After the well-received The Well and the Mine (2009), Phillips' second novel tackles ghosts, both real and metaphorical, on an archaeological dig in New Mexico. Ren's defining characteristic is not that she is a successful archaeologist or that she is the curator of pre-Columbian artifacts at a New Mexico museum. It is that she sees ghosts. Most frequently she sees the ghost of her brother Scott, dead from a car accident when she was a child 25 years ago. She also sees glimpses of people while on digs--people who lived 1,000 years ago and re-inhabit excavation sites, giving her the (professionally advantageous) opportunity to see brief snapshots of life as it was. Now Ren might have found the thing she's been looking for--additional pottery from an ancient Puebloan (popularly called the Anasazi) she calls the Artist, whose extraordinary pottery she found years ago, but no more since. On site is fellow archaeologist Silas Cooper, smart and a little in awe of what he thinks of as Ren's "intuition" about the artifacts they uncover. Little does he know that Ren's artist, Lynay, is appearing on site along with her mother-in-law Non. The two ghosts seem vaguely aware of Ren as she and Silas uncover new sights and burial chambers, uncovering pots Lynay made. The narrative dips into the lives of Lynay and Non, a parrot handler, as Ren "sees" their lives unfold. In the less distant past Ren's happy childhood before Scott died, and the shattered life she lived with her parents, who became kind of living ghosts, seems to cast a dark shadow over the burgeoning romance she has begun with Silas. The secret of all these ghosts, Lynay, Scott and the memories of happier times, make Ren almost unreachable. Unfortunately, these disparate threads vie for prominence, making the relationship between Ren and Silas less important than it needs to be for the end to resonate. This uneven second novel offers fine details and character study, but it occasionally falls prey to overly ambitious plotting.

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Product Details

Penguin Publishing Group
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Penguin Group
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280 KB
Age Range:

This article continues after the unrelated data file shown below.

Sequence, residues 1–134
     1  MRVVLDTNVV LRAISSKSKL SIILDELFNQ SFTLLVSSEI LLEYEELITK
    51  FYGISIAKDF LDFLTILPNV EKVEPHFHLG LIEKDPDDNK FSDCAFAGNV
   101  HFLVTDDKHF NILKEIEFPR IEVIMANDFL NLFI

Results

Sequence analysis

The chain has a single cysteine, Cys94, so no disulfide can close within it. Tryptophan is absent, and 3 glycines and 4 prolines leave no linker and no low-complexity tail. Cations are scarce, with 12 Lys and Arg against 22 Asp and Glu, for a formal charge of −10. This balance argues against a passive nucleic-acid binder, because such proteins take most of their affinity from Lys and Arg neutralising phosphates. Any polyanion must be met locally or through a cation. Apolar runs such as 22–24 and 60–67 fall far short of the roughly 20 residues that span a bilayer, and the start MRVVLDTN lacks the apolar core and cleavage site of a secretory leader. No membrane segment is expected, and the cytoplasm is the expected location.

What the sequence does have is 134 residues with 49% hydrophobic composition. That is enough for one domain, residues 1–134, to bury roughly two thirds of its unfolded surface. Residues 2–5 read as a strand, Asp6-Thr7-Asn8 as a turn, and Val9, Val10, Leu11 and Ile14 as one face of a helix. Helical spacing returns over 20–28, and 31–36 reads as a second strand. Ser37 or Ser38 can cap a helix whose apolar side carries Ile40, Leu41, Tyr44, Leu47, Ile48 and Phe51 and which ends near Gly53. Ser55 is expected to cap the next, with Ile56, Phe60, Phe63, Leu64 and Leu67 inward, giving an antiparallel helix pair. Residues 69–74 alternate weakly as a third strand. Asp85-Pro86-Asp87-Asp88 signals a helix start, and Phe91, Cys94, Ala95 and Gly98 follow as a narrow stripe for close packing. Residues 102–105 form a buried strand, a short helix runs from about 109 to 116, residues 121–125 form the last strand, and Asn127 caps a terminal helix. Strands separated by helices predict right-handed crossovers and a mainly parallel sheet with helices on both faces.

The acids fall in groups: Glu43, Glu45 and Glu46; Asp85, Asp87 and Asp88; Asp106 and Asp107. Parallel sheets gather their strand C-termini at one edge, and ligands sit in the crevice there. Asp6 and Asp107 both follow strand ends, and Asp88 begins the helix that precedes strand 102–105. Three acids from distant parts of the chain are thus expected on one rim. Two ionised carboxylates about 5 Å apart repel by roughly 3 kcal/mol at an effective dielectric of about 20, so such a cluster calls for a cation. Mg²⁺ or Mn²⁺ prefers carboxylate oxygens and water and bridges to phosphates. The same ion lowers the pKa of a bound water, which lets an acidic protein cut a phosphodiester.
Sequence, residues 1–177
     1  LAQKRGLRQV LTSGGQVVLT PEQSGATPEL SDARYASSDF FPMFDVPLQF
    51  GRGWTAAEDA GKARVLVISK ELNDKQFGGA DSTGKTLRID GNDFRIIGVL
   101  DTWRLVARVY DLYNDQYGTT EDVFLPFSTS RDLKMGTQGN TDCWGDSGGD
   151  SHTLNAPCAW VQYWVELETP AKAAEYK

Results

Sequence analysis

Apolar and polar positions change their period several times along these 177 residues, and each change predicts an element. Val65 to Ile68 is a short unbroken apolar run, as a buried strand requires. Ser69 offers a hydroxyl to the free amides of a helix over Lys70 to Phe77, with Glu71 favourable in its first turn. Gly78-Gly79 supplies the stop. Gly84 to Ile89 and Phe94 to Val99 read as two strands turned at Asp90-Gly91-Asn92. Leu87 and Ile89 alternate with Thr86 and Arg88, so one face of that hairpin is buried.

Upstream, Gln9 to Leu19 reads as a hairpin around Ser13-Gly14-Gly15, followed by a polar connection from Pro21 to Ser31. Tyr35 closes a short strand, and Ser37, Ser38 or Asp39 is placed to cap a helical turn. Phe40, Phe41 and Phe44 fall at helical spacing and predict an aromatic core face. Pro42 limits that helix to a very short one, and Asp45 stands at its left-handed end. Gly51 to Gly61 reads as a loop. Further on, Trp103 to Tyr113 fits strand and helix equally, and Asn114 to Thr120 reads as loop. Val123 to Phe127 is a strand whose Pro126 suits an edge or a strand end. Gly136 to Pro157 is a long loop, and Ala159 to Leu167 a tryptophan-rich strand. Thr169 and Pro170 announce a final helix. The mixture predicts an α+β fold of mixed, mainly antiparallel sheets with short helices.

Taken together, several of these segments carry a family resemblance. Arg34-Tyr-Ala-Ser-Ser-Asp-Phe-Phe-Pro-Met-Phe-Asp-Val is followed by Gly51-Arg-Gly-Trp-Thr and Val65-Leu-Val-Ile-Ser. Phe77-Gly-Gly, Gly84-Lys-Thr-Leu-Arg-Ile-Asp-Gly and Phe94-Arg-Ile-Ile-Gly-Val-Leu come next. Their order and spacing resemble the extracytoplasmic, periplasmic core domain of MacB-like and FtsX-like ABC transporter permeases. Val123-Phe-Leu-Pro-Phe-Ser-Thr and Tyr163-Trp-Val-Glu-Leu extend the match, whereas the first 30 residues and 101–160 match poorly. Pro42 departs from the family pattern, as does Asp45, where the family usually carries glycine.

18 Years

What People are saying about this

From the Publisher
“Phillips’s writing is . . . brimming with imagery. . . . Her greatest talent is her ability to create the world of the story. Come In and Cover Me moves us into the earth. The dusty landscape serves as both setting and metaphor, a beautiful but dangerous place where a sudden loss of footing can prove fatal.”—Brunonia Barry, The Washington Post
“With a sure hand . . . Phillips, weaves this strand of the supernatural through a compelling modern story of love and loss.”—San Francisco Chronicle

“As graceful and emotionally true as Phillips’ debut—and, in its thoroughly researched reimagining of the American Southwest’s prehistoric Mimbres culture and its leap into supernatural territory without once losing its credibility or riveting story line, surpasses it. . . . Amid a sensually sketched setting of rock formations, mesquite and juniper, narrow canyons, and night skies, Ren and Silas work side by side and try to bridge the growing distance between them. As the natural and supernatural worlds coalesce, both recent and ancient history become more insistently present, yielding an original and strikingly beautiful ending.” Kate Christensen, Elle

“Long haunted by her dead brother, archaeologist Ren Taylor is being led to the find of her career by a ghostly woman who lived at the site of an ancient desert dig. Part love story, part field guide, this beguiling novel charts the excavation and restoration of a damaged soul.”—Parade